Your browser is no longer supported

For the best possible experience using our website we recommend you upgrade to a newer version or another browser.

Your browser appears to have cookies disabled. For the best experience of MRW, please enable cookies in your browser

We'll assume we have your consent to use cookies, so you won't need to log in each time you visit our site.
Learn more

AWC will ‘not suit all councils’ claims controversial Audit Commission report

A controversial report which communities secretary Eric Pickles alleged “triggered the move” to alternate weekly waste collections (AWCs) actually warned inspectors that “alternate week collections will not suit all councils or all areas”.

MRW has obtained a copy of the Audit Commission’s Waste Management Quick Guide report, which is understood to be written for internal inspectors only. The Quick Guide was designed to share the experience of different inspectors and what they have seen work in the field. MRW also understands that the report is not – and never has been – external guidance. The report has never been published and its messages are not intended for an external audience.

The guide’s reference to AWC schemes come in a ‘question and answer’ session at the end of the guide, with one local authority asking ‘What is the real position about alternate week collections?’

The report’s response is given verbatim below:

“This is a very complicated situation that has involved government select committees, media campaigns and even campaigning at local elections. The premise is that by collecting waste one week and recyclables the next week, people are encouraged to recycle more and costs do not increase. However, things are rarely that simple.

There are many variations of the AWC. Some simply collect waste one week and recyclables the next – the householder gets one collection a week. Others are more complicated, perhaps collecting recyclables every week, then collecting garden waste and refuse on alternate weeks.

As with most things, if done well, there are very few complaints about alternate week collections, but if done badly then local residents can be affected by the poor service. Particular examples, where AWCs have struggled, include:

  • Poor provision for flats and buildings with communal bin stores;
  • Poor planning which leads to bins being delivered early, or not at all, and the council being unable to respond to the deluge of calls/complaints
  • Lack of flexibility for residents with problems accommodating the new bins

Where it works well, AWCs increase the amounts recycled dramatically; 90 per cent of the top recycling councils operate an alternate week collection scheme.”

A follow-up question asks ‘why do they seem to work?’

The report responded: “In reality, an alternate week collection simply restricts the amount of waste a householder can throw away. It makes it as easy, or even easier, to recycle than not recycle.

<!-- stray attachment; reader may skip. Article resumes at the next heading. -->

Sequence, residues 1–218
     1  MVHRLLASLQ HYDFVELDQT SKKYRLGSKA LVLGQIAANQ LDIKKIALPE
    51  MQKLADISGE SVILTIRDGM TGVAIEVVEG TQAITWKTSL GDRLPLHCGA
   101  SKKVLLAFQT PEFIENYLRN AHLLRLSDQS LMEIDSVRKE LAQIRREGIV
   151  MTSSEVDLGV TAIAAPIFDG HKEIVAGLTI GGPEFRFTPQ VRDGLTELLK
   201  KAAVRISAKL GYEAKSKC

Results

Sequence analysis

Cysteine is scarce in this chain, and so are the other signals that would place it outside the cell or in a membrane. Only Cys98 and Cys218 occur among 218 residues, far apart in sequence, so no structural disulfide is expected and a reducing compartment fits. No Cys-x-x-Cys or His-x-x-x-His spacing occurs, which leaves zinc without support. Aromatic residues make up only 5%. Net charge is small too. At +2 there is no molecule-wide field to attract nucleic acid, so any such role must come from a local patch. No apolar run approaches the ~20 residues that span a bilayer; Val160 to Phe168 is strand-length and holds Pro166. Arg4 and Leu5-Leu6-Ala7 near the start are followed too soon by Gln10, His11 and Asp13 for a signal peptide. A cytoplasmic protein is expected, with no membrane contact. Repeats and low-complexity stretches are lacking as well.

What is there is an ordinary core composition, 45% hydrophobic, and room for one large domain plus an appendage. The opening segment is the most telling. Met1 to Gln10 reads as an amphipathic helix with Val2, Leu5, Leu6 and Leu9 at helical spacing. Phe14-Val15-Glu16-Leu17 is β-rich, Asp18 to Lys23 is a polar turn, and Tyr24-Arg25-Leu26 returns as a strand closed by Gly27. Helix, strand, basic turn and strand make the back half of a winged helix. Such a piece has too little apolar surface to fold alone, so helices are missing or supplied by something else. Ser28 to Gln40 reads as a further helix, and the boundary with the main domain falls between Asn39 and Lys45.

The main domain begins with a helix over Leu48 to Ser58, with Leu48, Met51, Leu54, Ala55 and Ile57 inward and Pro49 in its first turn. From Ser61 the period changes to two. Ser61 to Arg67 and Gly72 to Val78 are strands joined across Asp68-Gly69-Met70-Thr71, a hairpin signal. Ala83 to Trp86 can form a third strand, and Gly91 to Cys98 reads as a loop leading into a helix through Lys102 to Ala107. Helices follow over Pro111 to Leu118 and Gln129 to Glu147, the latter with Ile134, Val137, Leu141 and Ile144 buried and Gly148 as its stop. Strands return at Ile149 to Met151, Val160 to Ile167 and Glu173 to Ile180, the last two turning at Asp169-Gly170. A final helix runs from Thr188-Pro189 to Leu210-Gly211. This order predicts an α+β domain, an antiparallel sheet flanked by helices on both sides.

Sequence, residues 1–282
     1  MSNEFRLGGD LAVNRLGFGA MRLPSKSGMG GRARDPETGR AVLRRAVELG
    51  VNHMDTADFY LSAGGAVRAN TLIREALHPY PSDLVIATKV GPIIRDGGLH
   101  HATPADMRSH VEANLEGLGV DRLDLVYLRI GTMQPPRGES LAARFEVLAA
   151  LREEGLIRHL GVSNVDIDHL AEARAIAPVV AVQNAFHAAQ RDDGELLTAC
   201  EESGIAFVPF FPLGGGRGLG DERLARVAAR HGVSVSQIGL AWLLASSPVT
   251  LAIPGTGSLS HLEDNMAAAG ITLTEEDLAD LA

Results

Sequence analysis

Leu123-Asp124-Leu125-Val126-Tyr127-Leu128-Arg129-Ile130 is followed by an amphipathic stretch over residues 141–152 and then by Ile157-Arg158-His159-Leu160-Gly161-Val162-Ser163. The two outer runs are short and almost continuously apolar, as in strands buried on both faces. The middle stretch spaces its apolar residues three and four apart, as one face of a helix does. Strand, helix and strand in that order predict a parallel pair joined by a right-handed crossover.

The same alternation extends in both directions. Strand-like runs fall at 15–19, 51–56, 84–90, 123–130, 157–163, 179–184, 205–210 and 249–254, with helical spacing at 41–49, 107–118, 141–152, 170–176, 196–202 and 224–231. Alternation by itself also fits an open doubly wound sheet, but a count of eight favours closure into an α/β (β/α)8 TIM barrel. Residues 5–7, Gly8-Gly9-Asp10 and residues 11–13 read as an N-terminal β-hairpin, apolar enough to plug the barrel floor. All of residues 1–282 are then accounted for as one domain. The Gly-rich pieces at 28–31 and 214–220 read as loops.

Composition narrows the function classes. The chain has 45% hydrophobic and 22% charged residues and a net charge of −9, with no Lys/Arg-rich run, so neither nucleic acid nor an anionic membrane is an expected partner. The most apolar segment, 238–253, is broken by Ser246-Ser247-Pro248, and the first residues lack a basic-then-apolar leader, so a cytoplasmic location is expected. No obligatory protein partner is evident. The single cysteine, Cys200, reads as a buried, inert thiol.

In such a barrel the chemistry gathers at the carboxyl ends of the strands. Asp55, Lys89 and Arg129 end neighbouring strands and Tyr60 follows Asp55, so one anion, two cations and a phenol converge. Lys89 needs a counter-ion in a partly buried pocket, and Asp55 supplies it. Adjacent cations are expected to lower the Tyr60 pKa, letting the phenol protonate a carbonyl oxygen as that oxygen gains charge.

It is based on the fact that the average householder has over 50% recyclable waste in their bin. But there are always some householders who fall outside this average – perhaps because they have young children or rely on a lot of heavily packaged ready meals.

AWCs will not suit all councils or all areas. They do not always offer the best solution but where they have been implemented well have been successful in increasing the amounts of waste collected for recycling.”

A final question asked: “What are the health effects of a fortnightly refuse collection?”

The report responded: “It is not for the Audit Commission to comment on the health impacts of a fortnightly refuse collection. The relevant points, however, are waste collection authorities have to collect waste from households. However, they can require that householders separate waste in to different components.

The weekly refuse collection is really historical, and can be tracked by to the 14th century when streets started to be cleaned weekly.

The minimum life cycle of the fly is 14 days in the UK, so a fortnightly collection should be okay providing waste is wrapped before putting in the bin.

Councils can help by sorting out problems that may arise. Some councils have minimised problems by offering to clean our bins that may have got contaminated or suffered for fly infestation (which almost certainly would have started because somebody did not wrap food, or that flies had already laid eggs on the food before it was thrown away); and filters which reduce any smell from the bin.

A fortnightly collection does require a higher level of reliability and planning than a weekly collection. Councils need to consider:

  • How they will deal with bank holidays – simply missing a collection is not going to be adequate.
  • An approach to missed bins (many councils often asked if the person could hold on to the waste until the next collection – this would be a month gap)
  • Informing people of what weeks the different collections will be on
  • Seasonal variance between the different waste streams – especially if garden waste is being collected.”


Have your say

You must sign in to make a comment

Please remember that the submission of any material is governed by our Terms and Conditions and by submitting material you confirm your agreement to these Terms and Conditions. Links may be included in your comments but HTML is not permitted.